I remember being shocked in 4th grade when we were partnered to fill in a map of the US and my buddy could only get Michigan and Florida. My parents did have US map placemats though, and I went on to win the geography bee in 7th grade (but failed to advance to states because holy crap there are hard questions on the qualifying test!)

But I'd be lost if you asked me to identify states of Australia.

1. Death Spiders
2. Big Rock
3. Darwin?
4. North Party Beach
5. Queensland
6. Desert Stuff
posted by Turkey Glue at 4:55 PM on November 14, 2013 [7 favorites]


It's weird to see a site that's so often down on the United States for anti-intellectualism be against this kind of expectation. For an American citizen or politician knowing the states and very basic information (like where they are) is important to understanding the country you live in. It's no more useless trivia than a European knowing the countries of Europe, which doesn't seem like an outrageous expectation.
posted by Bulgaroktonos at 4:57 PM on November 14, 2013 [5 favorites]


Relevant:

Chuck 'The Cut Man' Kimmel: So strap yourselves in, folks. We're in for the night. 12 rounds from here at Bally's Park Place, just a stone's throw down the boardwalk from where a new Miss America was crowned just a few months ago. Miss Rochester, I believe it was.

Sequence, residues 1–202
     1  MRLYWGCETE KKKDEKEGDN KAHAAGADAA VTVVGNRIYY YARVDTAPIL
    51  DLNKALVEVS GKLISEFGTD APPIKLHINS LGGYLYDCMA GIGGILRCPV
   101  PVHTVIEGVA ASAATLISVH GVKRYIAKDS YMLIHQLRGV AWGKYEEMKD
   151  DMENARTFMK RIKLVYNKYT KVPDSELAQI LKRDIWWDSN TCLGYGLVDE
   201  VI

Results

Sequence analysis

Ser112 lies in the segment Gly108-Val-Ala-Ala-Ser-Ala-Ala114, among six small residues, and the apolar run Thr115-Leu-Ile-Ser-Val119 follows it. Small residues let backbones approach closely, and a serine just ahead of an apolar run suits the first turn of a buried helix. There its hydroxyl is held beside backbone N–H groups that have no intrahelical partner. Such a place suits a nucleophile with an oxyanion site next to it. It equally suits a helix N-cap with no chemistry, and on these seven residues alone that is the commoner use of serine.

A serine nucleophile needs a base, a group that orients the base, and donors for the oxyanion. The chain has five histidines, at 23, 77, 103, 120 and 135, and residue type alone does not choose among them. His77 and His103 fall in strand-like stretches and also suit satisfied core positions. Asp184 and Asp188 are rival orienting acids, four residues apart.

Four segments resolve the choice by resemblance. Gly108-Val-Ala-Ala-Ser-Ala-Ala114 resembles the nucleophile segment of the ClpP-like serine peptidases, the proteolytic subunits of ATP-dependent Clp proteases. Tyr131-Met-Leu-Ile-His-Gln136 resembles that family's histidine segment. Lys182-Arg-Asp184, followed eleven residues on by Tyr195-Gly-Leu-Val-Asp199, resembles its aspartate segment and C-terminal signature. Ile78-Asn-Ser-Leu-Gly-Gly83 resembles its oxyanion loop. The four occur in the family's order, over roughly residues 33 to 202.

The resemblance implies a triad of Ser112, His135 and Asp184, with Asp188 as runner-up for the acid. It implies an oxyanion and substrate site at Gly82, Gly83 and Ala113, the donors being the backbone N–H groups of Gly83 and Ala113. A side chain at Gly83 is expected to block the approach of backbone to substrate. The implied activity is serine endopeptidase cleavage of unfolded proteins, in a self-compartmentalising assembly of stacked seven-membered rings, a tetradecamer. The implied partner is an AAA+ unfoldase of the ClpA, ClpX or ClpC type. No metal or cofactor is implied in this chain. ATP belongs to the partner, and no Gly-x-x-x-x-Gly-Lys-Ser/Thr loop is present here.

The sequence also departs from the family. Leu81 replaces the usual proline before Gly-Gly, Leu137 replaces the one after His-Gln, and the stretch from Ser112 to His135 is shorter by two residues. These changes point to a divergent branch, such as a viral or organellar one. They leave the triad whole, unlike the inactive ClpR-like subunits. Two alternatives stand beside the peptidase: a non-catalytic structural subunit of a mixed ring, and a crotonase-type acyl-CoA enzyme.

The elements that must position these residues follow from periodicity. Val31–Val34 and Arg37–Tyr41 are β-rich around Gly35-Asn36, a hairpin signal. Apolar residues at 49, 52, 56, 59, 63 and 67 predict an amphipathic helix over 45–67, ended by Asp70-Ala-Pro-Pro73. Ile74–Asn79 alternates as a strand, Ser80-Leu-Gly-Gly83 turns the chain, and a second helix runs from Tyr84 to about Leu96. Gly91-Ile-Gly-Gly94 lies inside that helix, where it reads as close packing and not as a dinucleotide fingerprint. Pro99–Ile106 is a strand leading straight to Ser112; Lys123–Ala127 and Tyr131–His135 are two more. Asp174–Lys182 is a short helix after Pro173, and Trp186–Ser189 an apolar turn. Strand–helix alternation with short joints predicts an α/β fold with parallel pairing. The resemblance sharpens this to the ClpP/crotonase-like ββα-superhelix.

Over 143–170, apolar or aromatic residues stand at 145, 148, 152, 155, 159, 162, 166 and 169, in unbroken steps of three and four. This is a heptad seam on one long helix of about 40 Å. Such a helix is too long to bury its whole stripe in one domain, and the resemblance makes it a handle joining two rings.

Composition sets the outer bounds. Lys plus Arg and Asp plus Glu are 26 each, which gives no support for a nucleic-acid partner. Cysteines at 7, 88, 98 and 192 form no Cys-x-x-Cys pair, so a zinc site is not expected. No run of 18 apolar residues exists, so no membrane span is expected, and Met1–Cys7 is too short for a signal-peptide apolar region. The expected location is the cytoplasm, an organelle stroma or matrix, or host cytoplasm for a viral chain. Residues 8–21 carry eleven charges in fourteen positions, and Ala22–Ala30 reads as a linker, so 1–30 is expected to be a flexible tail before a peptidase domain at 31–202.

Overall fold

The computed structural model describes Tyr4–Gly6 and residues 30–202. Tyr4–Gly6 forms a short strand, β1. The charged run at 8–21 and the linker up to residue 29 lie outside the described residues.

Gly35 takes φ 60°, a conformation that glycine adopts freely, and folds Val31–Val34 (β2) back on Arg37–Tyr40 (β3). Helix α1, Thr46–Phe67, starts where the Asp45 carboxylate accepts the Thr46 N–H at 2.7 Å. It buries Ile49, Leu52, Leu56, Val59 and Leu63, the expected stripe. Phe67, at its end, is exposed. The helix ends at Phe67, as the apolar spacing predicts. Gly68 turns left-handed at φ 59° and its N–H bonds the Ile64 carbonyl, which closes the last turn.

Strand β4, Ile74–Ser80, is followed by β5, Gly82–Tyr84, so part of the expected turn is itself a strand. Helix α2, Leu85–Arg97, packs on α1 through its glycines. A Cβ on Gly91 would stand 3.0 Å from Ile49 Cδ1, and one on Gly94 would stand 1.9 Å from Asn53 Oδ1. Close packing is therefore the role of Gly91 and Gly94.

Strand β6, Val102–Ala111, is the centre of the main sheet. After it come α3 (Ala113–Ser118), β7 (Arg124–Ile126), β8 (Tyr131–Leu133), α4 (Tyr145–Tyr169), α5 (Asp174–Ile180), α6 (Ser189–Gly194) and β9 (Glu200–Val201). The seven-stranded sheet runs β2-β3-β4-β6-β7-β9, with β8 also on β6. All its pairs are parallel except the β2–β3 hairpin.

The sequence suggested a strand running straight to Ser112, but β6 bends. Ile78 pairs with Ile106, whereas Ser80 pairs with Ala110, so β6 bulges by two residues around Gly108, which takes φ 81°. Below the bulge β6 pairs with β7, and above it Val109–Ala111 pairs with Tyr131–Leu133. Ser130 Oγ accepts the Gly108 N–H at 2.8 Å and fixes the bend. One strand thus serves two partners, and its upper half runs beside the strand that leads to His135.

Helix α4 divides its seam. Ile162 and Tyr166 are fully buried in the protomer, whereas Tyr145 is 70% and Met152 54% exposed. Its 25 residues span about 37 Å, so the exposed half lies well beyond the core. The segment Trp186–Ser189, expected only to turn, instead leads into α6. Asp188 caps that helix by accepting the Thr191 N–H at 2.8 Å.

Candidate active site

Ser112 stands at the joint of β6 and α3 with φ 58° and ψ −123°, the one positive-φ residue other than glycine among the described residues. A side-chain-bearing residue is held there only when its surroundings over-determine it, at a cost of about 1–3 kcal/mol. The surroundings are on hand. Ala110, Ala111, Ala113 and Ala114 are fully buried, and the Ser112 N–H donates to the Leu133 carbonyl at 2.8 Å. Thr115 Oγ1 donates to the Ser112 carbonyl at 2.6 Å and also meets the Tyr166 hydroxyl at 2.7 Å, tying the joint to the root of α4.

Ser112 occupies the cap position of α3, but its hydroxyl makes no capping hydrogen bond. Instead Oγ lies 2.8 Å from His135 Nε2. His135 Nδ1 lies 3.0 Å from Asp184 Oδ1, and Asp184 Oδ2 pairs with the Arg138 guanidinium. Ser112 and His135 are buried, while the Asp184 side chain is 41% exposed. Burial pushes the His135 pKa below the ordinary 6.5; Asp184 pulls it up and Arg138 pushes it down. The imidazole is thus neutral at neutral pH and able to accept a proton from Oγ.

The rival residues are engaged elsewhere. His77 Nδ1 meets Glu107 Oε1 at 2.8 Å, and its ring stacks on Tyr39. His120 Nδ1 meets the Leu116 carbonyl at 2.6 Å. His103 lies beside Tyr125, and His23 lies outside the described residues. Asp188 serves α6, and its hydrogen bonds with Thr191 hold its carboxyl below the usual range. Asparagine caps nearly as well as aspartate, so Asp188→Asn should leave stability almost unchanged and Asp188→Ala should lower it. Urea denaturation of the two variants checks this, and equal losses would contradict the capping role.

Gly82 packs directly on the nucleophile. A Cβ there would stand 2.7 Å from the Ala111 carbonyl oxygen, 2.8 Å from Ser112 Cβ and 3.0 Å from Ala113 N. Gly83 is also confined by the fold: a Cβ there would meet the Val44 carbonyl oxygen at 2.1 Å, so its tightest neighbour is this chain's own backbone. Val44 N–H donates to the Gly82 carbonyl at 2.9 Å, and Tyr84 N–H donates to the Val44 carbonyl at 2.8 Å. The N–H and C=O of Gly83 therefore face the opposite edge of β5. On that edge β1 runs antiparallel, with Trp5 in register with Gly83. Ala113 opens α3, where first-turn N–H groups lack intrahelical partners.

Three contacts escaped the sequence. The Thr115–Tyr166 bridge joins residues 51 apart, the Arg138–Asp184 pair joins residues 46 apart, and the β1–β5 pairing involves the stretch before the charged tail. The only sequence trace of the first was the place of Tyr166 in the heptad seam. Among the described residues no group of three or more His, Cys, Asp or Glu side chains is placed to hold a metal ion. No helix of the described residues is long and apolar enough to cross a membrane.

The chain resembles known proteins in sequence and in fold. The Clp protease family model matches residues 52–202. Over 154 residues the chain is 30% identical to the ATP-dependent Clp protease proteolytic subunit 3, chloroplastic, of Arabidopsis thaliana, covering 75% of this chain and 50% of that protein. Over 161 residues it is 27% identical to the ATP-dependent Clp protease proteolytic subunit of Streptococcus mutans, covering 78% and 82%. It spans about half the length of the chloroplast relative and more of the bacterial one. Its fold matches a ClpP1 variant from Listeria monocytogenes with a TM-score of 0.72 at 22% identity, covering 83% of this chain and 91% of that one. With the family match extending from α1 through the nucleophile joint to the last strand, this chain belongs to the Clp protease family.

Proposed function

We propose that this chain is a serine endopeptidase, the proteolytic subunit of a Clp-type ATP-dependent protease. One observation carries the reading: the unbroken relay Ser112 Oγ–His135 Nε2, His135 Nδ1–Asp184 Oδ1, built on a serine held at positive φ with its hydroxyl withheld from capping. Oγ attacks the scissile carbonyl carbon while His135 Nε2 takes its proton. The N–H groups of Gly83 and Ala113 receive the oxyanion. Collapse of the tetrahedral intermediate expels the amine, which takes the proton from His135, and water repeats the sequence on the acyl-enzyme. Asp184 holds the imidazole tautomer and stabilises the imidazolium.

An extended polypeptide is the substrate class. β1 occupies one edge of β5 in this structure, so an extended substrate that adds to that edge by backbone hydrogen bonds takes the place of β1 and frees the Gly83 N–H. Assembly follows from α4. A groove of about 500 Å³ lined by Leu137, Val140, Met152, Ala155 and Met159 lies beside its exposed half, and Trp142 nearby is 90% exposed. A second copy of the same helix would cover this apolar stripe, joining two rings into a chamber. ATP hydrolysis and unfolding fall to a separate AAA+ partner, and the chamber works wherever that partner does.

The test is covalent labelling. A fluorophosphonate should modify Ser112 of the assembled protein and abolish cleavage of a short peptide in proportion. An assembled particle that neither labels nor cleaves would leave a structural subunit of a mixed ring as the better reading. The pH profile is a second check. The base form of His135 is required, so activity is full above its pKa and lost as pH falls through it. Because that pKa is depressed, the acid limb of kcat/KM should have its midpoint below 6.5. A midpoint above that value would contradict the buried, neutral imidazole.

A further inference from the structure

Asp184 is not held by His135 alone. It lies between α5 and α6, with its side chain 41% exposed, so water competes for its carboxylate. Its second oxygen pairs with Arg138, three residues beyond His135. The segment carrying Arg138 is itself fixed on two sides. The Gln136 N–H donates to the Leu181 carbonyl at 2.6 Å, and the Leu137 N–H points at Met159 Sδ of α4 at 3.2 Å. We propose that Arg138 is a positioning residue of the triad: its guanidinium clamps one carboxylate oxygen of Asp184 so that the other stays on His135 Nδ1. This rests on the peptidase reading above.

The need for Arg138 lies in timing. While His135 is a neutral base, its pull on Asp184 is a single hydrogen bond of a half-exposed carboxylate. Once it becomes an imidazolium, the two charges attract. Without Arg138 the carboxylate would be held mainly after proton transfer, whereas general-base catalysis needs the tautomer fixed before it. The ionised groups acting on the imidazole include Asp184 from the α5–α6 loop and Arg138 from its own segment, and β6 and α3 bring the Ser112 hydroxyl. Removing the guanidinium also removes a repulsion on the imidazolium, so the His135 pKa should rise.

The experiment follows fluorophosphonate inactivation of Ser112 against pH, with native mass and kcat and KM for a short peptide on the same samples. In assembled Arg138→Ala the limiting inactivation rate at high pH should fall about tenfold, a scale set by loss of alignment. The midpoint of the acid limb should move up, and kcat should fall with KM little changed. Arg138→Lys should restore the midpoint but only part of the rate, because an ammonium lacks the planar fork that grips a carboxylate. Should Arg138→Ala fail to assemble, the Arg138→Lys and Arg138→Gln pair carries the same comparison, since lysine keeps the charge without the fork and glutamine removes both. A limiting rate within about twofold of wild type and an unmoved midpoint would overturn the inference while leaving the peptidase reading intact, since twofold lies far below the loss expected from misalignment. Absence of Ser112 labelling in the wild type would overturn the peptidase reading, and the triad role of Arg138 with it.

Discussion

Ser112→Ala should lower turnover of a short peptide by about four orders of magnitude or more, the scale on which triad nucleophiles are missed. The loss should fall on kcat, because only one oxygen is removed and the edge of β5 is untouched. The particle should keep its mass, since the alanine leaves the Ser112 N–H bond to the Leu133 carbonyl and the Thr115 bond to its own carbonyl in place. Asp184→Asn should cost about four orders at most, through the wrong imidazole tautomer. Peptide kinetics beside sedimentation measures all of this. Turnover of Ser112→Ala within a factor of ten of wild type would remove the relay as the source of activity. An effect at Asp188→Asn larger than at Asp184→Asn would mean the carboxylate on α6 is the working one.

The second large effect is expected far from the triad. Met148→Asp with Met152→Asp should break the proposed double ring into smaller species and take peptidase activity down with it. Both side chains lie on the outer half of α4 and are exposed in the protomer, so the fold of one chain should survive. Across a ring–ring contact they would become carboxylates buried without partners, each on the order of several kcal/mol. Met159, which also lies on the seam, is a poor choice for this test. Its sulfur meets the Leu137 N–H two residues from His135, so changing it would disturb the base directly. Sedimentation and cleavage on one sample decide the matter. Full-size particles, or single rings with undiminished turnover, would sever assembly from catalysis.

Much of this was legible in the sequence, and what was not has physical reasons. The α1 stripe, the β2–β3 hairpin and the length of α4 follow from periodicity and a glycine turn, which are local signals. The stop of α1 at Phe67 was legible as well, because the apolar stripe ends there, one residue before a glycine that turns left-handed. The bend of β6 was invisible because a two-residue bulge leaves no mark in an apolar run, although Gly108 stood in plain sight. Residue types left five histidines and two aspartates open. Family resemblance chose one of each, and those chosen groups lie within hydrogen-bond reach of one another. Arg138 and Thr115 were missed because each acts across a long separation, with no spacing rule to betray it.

Dan Rydell: Ok, well, Rochester's not a state, but we'll have somebody look that up.

Casey McCall: No, it's a city, Cut Man, in upstate New York. Contestants in the Miss America pageant have to come from one of the 50 states.

Chuck 'The Cut Man' Kimmel: Well, I hate to correct you on your own show, Casey, but there's 52 states with Alaska and Rhode Island.

Casey McCall: Ok.

Chuck 'The Cut Man' Kimmel: Though I'm no college professor, you see.

Dan Rydell: That's almost hard to believe, Cut Man.

posted by ricochet biscuit at 5:00 PM on November 14, 2013 [2 favorites]


Copronymus:...should be able to rattle off from FDR forward without having had to consciously memorize a single fact because the most basic narrative of the last 100 years of American history...

god damn that was a beautiful comment, thank you and well said